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Re: <nettime> McKenzie Wark: Birth of Thanaticism
John Hopkins on Wed, 21 Oct 2015 09:35:22 +0200 (CEST)

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Re: <nettime> McKenzie Wark: Birth of Thanaticism

On the Thanaticism discussion -- I ran across this excerpt from an interview with Langdon Winner:

Q: You have also been critical of the term Anthropocene, the idea that we are living in a new epoch where human activities define ecosystems. It’s an idea that could shape development planning over the next few decades. Why do you think we need to be wary?

LW: It’s the idea that you can name geological epochs according to some identifiable characteristic. The people who proposed the Anthropocene say humanity is responsible for the significant changes of the past centuries and changes in the future. But naming this geological period after humanity is kind of deterministic — “this is what humans have done”. And it is self-exulting — “look at our grand role in the history of the cosmos”.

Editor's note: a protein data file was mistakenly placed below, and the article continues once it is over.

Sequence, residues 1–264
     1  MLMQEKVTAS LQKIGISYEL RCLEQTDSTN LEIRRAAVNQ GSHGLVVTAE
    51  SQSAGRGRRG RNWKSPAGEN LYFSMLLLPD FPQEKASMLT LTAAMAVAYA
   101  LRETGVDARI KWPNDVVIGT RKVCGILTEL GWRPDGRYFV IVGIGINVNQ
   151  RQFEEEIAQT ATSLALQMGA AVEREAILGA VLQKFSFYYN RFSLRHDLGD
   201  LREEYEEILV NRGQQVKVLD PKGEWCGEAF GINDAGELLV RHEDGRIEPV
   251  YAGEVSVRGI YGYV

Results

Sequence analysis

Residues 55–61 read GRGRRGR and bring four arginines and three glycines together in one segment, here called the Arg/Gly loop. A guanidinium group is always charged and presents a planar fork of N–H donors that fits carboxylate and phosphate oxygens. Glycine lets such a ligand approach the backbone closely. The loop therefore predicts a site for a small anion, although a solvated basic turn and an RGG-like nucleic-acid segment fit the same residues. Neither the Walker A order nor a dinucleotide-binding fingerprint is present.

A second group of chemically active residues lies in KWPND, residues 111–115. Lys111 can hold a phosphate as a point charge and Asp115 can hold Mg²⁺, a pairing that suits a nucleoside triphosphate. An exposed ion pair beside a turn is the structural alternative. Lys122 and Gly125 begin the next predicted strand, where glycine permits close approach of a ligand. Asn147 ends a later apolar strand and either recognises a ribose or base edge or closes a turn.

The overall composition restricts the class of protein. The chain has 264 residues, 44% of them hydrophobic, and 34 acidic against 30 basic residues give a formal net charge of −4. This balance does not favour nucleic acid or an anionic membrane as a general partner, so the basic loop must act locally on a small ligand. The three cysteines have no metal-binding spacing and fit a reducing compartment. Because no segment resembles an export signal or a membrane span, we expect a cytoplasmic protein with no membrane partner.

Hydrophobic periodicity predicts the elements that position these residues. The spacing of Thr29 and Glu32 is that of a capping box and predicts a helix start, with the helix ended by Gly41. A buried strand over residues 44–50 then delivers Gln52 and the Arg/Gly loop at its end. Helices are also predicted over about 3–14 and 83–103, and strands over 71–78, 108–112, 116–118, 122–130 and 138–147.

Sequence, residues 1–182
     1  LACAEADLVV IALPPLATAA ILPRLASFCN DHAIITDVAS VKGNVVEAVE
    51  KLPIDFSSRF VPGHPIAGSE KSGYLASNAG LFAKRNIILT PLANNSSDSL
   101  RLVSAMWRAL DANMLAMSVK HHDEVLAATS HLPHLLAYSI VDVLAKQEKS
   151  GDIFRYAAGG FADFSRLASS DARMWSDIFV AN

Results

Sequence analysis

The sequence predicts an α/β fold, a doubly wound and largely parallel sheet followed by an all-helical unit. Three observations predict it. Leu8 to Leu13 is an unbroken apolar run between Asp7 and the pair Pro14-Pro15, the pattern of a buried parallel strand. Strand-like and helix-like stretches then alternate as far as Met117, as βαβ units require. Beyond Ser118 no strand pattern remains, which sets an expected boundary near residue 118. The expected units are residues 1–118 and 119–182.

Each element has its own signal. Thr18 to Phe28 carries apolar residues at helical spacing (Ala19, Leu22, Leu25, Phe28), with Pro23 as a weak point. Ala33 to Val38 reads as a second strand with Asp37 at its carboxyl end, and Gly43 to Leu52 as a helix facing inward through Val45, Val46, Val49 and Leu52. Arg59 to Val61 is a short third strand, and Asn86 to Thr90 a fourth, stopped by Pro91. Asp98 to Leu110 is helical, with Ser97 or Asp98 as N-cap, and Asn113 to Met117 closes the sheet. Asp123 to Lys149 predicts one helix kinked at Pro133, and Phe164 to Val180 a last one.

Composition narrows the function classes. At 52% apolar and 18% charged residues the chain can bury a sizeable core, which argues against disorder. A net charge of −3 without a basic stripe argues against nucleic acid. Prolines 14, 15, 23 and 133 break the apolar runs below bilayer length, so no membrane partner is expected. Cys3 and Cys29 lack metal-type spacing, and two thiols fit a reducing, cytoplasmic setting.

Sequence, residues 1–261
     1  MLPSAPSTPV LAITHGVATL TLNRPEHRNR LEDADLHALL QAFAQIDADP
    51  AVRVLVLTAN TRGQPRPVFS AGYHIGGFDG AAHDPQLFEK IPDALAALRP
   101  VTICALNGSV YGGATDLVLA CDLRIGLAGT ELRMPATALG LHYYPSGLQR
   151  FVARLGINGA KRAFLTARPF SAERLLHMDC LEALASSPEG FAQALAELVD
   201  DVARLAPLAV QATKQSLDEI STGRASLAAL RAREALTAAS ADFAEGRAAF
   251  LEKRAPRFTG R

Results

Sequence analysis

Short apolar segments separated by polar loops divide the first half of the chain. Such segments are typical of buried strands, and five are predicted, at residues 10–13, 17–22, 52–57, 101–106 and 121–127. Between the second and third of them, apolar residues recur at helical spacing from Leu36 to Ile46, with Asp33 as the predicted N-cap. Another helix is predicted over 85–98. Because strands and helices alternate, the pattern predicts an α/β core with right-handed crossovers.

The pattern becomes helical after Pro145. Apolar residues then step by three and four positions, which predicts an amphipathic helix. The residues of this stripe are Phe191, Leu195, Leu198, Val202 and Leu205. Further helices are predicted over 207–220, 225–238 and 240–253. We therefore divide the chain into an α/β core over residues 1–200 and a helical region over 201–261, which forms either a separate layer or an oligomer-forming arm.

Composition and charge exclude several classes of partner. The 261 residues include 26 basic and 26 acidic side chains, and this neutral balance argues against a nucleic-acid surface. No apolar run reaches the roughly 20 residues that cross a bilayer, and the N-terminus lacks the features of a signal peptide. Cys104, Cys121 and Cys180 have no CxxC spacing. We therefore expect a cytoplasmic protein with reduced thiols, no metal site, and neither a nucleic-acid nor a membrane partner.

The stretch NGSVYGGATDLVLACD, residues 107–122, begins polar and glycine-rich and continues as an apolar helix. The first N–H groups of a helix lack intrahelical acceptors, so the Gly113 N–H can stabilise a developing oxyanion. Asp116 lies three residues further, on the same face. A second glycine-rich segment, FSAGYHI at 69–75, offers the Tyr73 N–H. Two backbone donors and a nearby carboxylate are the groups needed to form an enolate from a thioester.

But if you look at what is being projected, a better name might be Thanatopocene, after Thanatos, the Greek personification of death. It appears that instead of a grand exultation and transcendence of humanity, we are at a death spiral. So why exult ourselves with concepts like Anthropocene? I find its self-congratulatory power fantasy highly suspicious, at the very point where we ought to be looking at the good evidence that challenges the way of life that’s been built up over the last three centuries.

Full interview at


Dr. John Hopkins, BSc, MFA, PhD
grounded on a granite batholith
twitter:  {AT} neoscenes

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